It seems like a fair number of producers have recently found inspiration in adorable, rosy-cheeked, all-consuming love. Ryan Hemsworth released a mix about “kissing, cuddling, feeling hurt, feeling happy and other feelings.” Saint Pepsi started singing and his first lyrics included the line, “I’ll give my world to keep that girl right next to me.” And PC Music artists like A.G. Cook and GFOTY have opened up a giant door for sugarcoated works of gooey heart-shaped plasticity. That’s not to say there’s not a self-awareness, or a lurking sense of dark pessimism running through all these tracks, but there’s still a strong case to be made for blatant, un-self-conscious sex music.
Brooklyn DJ LSDXOXO’s first full-length project is called w h o r e c o r e, the follow-up to 2013’s S O F T C O R E EP, and it opens with a track about murder. Okay, it’s not quite sexy, but there’s something powerfully cavalier about a dark narrative wrapped up in tongue-in-ear lyrics. The track features rapper BbyMutha (once called “the Lisa Frank of trap”) ping-ponging over a haunting beat with a nursery rhyme-esque flow and juxtapositions like “broken condom/broken heart.” From there, things get less creepy and more freaky, like on the amniotic Maenad + Heathens (Interlude), which uses a ripped-open sample of the obscure hornball Baltimore club track My Coochie Drives You Crazy.

Throughout the album, LSDXOXO unpacks sex in music—and its simultaneous potential to inspire both mass popularity and concerned hand-wringing—by taking big, Top 40 hits and reworking them into stuttering, convoluted heavy club bangers until they’re barely recongnizable. IndustrySexxxxxSlave borrows the line “be my sex slave” from Rihanna’s Cockiness and loops it over and over until it becomes just another noise in a textured mix of mouthy slaps, yawns and tailed synth claps. Drake’s Nothing Was The Same cut The Language shows up at the end of Maenad + Heathens (Interlude), wherein Drake sounds exhausted by his own sex appeal. *SadEmoji* parallels Lee Mazin’s grind theme Back It Up with an audio clip of a couple fighting, crafting an eerie complacency under the track’s sexual overtones.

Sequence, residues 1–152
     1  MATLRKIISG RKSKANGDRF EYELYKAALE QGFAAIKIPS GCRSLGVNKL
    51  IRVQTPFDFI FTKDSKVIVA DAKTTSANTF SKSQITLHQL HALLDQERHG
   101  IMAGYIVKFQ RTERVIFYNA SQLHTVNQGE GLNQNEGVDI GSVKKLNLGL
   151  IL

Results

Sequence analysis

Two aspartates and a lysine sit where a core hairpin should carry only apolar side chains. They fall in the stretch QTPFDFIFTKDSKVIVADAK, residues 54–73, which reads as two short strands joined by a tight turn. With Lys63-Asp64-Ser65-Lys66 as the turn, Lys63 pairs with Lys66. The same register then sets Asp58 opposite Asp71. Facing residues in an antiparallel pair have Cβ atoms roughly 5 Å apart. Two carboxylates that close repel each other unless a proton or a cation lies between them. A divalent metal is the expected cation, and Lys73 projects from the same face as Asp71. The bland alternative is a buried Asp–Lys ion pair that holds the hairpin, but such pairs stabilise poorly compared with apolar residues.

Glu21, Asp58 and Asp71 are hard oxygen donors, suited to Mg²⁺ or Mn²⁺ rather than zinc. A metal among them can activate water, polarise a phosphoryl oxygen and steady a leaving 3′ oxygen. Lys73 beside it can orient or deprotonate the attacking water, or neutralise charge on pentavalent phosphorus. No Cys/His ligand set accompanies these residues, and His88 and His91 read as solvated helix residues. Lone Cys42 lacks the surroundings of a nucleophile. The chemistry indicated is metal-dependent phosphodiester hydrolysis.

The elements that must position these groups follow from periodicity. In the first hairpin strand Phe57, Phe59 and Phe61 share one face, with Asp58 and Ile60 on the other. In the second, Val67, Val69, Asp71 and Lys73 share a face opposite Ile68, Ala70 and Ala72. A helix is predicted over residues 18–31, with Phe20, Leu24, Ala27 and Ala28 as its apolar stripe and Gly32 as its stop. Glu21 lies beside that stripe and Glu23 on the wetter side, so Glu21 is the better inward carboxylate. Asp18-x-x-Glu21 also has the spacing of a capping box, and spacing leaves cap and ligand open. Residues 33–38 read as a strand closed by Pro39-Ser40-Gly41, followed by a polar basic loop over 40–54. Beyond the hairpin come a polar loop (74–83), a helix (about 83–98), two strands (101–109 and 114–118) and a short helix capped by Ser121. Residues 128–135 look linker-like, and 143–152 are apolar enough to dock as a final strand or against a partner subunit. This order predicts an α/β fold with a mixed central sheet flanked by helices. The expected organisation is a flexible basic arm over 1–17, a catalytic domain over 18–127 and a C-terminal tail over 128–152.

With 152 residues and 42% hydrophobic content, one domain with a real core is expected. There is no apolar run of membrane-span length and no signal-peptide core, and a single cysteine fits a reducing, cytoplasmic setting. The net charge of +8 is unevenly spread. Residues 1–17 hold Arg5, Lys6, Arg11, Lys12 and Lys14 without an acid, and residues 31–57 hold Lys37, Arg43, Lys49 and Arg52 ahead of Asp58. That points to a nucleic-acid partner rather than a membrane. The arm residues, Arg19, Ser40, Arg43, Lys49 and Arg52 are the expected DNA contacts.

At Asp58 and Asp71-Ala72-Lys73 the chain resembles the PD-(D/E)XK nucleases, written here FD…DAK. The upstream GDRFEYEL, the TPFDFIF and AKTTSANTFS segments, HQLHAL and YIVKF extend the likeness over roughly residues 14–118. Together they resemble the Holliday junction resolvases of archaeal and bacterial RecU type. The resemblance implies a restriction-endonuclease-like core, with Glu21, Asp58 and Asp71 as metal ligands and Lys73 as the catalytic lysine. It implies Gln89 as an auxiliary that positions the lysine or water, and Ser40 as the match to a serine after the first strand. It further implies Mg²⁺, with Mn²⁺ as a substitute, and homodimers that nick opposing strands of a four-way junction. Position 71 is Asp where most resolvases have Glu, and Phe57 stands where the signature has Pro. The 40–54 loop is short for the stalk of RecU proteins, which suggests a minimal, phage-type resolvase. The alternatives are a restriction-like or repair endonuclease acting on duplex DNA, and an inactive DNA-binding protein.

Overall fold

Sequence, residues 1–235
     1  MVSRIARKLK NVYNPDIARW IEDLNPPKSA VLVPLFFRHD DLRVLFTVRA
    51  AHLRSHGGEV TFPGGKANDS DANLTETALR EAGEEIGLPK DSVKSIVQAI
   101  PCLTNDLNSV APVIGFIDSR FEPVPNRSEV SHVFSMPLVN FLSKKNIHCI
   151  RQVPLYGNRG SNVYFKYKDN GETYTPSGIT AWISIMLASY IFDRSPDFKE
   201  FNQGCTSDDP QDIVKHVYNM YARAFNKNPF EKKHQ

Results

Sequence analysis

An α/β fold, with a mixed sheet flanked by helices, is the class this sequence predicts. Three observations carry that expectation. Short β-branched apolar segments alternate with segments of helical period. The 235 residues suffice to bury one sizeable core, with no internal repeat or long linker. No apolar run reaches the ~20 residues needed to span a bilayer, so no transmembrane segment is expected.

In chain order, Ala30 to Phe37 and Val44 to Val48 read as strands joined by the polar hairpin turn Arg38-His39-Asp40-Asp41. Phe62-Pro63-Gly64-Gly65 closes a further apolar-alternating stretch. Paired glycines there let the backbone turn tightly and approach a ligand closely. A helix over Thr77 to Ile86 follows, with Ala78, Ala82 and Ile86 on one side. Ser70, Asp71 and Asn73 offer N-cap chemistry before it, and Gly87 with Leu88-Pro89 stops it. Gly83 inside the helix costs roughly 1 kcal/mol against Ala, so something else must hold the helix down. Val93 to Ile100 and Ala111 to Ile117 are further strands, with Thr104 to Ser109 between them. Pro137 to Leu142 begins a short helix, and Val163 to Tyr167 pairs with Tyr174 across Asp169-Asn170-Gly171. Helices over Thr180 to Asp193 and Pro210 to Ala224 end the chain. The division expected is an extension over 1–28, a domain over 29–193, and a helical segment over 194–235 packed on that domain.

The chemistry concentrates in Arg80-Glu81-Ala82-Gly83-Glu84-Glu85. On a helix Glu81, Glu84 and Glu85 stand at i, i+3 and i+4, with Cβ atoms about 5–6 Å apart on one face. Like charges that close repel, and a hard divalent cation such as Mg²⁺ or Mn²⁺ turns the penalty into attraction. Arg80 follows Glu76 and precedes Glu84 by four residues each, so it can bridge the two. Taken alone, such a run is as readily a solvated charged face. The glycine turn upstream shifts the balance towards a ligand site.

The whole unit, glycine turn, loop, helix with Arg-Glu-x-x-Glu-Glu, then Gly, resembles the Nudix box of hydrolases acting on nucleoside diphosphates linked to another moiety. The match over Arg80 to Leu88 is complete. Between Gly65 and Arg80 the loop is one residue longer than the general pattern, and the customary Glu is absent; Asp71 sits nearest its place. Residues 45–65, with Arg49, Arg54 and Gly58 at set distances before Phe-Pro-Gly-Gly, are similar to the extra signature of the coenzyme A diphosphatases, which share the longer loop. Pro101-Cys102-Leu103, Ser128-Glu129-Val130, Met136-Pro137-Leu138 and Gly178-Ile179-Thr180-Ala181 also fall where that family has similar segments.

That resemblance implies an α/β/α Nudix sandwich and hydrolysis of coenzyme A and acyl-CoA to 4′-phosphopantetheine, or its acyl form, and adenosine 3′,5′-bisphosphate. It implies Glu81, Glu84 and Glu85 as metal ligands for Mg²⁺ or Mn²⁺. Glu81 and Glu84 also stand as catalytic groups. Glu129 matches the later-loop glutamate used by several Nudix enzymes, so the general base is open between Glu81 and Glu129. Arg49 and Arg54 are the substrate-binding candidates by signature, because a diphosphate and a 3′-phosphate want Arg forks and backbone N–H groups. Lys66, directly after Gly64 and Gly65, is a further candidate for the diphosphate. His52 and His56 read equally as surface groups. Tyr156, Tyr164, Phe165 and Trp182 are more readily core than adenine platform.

But the strongest tracks on the album are the ones that feature guests who can work with the flesh-obsessed aggression and overwrought tension of LSDXOXO’s beats. Like on Perfect (written by Le1f), in which Rahel assumes a kind of fantastical appreciation for her lover over a slow, engorged beat. Or when NJ rapper Cakes Da Killa spits breathless verses and coos through the harsh knife-gleam synth flare on Bind That Bitch.
There’s a lot at play here, and many, many elements—musical, cultural, nostalgic—to consider. Or, you can choose not to consider them and w h o r e c o r e will still provide you with a solid bundle of lip-licking seduction cuts with an underlying sense of unease for when you don’t feel like just cuddling under the covers.